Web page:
The Wilson Center’s Kugelman advocated a “scaled-down relationship” between the two countries. He said both sides need to agree to disagree on some issues and instead focus on those areas where they can agree to cooperate against terror groups that both regard as threats, including the Islamic State group and al-Qaida.

Pakistan and the Taliban sanctuaries it provides are a big part of the insurgents’ success in Afghanistan, but it’s only one of many factors, Kugelman said.

“It’s foolish to suggest that if the Pakistani sanctuaries were eliminated, the insurgency would magically go away and the U.S. would be able to prevail in Afghanistan,” he said. “The Taliban has persevered because the U.S. still struggles to fight wars against non-state actors, and because the Afghan government has remained a weak and corrupt entity that has failed to convince a critical mass of Afghans that it’s a better alternative to the Taliban.”

‘Unjustly imprisoned’

Afridi spends his days alone, isolated from a general prison population filled with militants who have vowed to kill him for his role in locating bin Laden, said Nadeem. Still, Nadeem said authorities are treating Afridi well and he is in good health, according to those who have seen him.

There was a no indication whether U.S. Acting Assistant Secretary of State Alice Wells brought Afridi’s case up in recent meetings in Pakistan. But in a statement, the U.S. State Department told the AP that Afridi has not been forgotten.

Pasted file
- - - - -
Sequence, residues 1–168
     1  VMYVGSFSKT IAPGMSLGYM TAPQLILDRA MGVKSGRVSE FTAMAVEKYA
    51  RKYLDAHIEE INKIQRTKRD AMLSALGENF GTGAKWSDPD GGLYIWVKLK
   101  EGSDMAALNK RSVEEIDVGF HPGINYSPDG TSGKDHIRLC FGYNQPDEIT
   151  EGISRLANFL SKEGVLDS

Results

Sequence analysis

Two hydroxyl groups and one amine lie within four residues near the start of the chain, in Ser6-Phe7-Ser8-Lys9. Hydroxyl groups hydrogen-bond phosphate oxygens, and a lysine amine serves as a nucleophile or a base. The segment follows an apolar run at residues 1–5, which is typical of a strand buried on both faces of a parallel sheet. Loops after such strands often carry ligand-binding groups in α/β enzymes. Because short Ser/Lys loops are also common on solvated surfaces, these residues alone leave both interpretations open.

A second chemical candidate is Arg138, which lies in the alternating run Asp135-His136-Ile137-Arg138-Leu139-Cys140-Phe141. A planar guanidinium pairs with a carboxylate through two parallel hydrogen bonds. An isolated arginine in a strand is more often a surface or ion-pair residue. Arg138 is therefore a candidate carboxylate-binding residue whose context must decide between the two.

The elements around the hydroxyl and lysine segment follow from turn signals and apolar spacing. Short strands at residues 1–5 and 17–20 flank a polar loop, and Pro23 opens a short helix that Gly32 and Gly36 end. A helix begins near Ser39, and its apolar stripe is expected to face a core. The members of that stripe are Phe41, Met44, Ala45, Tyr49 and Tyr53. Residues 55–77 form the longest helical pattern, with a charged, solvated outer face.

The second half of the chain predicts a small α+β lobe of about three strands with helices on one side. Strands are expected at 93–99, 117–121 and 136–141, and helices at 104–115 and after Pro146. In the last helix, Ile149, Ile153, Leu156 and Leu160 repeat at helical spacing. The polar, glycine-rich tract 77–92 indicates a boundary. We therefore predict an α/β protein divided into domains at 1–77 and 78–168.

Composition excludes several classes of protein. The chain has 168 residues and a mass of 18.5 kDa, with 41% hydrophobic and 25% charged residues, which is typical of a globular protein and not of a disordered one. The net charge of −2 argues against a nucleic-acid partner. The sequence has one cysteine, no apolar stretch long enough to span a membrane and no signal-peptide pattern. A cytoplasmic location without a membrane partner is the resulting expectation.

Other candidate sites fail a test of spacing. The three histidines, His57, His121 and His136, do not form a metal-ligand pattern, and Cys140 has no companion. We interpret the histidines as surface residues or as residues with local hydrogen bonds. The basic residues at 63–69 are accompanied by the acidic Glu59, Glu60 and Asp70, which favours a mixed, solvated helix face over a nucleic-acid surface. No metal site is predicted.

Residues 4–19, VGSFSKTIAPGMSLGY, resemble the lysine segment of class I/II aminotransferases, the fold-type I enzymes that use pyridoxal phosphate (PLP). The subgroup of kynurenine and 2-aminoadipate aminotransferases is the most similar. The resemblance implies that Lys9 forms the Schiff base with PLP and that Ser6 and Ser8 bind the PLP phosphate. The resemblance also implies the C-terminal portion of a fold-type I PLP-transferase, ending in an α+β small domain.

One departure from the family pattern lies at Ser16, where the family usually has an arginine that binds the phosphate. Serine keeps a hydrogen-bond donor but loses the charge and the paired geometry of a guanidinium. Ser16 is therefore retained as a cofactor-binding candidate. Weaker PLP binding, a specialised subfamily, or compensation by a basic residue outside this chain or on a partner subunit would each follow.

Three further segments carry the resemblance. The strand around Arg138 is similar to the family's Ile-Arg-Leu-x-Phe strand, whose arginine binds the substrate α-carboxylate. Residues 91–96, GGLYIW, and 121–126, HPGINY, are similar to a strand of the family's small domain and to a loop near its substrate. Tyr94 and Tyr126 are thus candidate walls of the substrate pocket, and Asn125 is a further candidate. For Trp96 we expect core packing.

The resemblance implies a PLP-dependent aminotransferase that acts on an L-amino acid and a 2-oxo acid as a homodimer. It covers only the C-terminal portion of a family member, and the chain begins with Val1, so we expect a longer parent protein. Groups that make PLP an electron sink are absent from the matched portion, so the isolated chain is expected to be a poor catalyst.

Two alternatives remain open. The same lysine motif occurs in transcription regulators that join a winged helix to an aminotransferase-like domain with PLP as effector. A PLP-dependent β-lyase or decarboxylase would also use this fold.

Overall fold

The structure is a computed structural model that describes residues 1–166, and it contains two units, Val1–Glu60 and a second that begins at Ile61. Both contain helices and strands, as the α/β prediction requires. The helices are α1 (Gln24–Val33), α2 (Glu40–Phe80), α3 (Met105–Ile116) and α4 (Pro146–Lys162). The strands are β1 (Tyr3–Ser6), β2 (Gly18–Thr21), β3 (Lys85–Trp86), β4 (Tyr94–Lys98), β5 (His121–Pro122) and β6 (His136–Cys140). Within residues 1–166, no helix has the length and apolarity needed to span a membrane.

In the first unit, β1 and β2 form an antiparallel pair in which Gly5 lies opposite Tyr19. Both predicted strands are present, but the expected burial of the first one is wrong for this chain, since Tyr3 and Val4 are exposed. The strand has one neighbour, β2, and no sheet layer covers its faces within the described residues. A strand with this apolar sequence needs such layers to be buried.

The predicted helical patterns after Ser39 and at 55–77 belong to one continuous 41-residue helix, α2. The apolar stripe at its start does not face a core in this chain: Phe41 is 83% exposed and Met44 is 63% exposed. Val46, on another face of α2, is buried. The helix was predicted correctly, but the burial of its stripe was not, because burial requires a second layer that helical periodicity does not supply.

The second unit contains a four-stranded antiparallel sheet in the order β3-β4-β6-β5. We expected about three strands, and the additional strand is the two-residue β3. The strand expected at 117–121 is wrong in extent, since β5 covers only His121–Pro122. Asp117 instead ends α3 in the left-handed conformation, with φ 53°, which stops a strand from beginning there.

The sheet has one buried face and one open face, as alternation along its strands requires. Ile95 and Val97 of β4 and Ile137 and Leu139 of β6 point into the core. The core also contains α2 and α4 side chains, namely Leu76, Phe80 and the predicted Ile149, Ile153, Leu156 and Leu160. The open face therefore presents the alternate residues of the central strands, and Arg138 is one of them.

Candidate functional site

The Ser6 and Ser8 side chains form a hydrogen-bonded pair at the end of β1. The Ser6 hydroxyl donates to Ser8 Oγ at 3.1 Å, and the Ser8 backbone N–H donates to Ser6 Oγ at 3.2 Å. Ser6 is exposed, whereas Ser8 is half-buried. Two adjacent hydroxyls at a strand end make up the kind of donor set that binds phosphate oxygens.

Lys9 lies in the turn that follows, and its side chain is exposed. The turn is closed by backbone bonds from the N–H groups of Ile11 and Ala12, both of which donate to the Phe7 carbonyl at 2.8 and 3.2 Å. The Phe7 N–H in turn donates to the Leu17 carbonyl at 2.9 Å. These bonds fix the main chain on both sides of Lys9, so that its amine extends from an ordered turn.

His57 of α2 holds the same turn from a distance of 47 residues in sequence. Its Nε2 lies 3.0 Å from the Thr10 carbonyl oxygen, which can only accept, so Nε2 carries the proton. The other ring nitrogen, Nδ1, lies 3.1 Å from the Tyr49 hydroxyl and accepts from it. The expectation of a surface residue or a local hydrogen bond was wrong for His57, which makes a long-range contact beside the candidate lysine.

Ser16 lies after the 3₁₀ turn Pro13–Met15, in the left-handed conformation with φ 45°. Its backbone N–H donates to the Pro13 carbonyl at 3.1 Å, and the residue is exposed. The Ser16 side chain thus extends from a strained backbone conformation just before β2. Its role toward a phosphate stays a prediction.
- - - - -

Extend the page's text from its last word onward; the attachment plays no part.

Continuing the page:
“We believe Dr. Afridi has been unjustly imprisoned and have clearly communicated our position to Pakistan on Dr. Afridi’s case, both in public and in private,” it said.

In the past, Pakistan has compared Afridi’s dilemma with demands for the release of Afia Siddiqui, a Pakistani woman who is in U.S. custody convicted of trying to kill an American soldier in Afghanistan.

“To America, she [Siddiqui] is a terrorist,” said Kugelman. “To Pakistan, she is a wrongfully imprisoned innocent.”

Source: Voice of America

64 migrants feared dead in Mediterranean

Geneva, (UNA-OIC) – Sixty-four migrants are feared drowned after a rubber dinghy sank off the coast of Libya over the weekend, the UN’s International Organization for Migration (IOM) said Monday.The migrants lost their lives in the shipwreck that occur…

Geneva, (UNA-OIC) – Sixty-four migrants are feared drowned after a rubber dinghy sank off the coast of Libya over the weekend, the UN’s International Organization for Migration (IOM) said Monday.

The migrants lost their lives in the shipwreck that occurred Saturday. According to testimonies gathered by IOM Italia staff in Catania, the rubber dinghy, at the time of departure, was carrying 150 migrants. Survivors total 86. Eight corpses have been recovered and there are 56 missing migrants,” IOM’s Italy spokesperson Flavio Di Giacomo said on Twitter.

The deaths represent the first major migrant tragedy of 2018 in the Mediterranean Sea. A total of 171,635 migrants and refugees entered Europe by sea during 2017 compared with 363,504 arrivals across the region in 2016, according to the UN migration agency.

The number of deaths during the perilous journey across the Mediterranean totaled 3,116 last year, marking a significant drop from 5,143 deaths in 2016.